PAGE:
Sean Scully interviewed in The Sunday Times
16 April 2023
This spring, Sean Scully takes over the grounds and historic interiors of Houghton Hall in Norfolk for an exhibition that showcases the full range of the artist’s sculpture. In the Hall and Contemporary Gallery, the artist also shows a significant group of paintings and works on paper. Before the opening of the solo exhibition, Scully was interviewed in The Sunday Times.
His own art is abstract, lines and rectangles of superbly controlled colours, and his sculptures are similarly disciplined. He did stray from abstraction — to paint Oisin. He is a feeling painter, a modernist romantic. He rejects the coldness of the previous generation of minimalists and especially of Andy Warhol. The mention of the name brings out the street-fighting man of the Old Kent Road.
“It’s this inhuman mirror. That is brutal. And that squeezes out all rumination, all doubt, all questioning, all tenderness, all romantic feeling. It just smashes it. And a soup can is a f***ing soup can and here it is in these colours. Yeah, Andy — it’s f***ing great, isn’t it? No. It’s not f***ing great.”
He is often compared to another great colour-obsessed abstract painter, Mark Rothko. He also rejects this. “My nature is actually not like Rothko’s. He was a sedentary, depressive man. His paintings are really suprematism squeezed through Turner. They both were very obdurate painters.”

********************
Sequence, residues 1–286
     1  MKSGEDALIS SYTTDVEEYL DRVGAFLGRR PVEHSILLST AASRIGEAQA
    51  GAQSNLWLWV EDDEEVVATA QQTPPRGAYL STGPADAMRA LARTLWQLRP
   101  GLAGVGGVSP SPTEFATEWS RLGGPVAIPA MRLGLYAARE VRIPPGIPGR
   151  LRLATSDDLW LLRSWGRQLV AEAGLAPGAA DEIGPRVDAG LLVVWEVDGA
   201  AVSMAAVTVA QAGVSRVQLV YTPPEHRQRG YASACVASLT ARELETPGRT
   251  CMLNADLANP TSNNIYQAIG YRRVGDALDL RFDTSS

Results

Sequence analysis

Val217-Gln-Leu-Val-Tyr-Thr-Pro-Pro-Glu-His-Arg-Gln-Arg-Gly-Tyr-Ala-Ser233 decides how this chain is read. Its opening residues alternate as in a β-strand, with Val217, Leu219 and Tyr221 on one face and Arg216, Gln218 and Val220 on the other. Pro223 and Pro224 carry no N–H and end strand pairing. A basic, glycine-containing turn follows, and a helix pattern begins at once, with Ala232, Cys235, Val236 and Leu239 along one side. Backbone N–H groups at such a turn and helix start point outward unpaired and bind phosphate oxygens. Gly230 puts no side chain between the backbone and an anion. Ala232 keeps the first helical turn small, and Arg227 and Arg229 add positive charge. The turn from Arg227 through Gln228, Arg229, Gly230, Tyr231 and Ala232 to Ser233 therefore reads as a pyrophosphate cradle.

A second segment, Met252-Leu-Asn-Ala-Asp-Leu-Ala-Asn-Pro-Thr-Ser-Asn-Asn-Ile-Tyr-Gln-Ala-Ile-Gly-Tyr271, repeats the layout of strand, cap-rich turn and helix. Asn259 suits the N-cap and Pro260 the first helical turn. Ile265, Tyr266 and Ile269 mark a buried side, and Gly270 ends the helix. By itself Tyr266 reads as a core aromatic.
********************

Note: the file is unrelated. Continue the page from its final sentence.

He came from nothing — “a damned terrible upbringing”, he called it. It made him a radical, not in a good way. “I was a real commie bastard. I used to do political art — against Vietnam and against apartheid and all that, and we adored Bertrand Russell. We were the Bertrand Russell groupies. And that’s what I knew about Trafalgar Square, I didn’t know a f***ing thing about the National Gallery.”
His mother was a vaudeville singer and his grandmother, who had come over to London with six daughters and one son, bought little scraps of transparent film to stick on the windows of her house in Highbury. Colour grabbed him and has never let him go. He especially adored his grandmother.
“You can imagine what a journey that was from Clonmel, down in Tipperary, with a stop-off in Dublin. She came to London and rented this house on Highbury Hill, No 82. Which I have on various occasions tried to buy, of course. I’m more like Proust, I think, than Beckett.”
Read the full feature by Bryan Appleyard in The Sunday Times here.
'Sean Scully at Houghton Hall - Smaller Than The Sky' opens on 23 April 2023 and run until 29 October.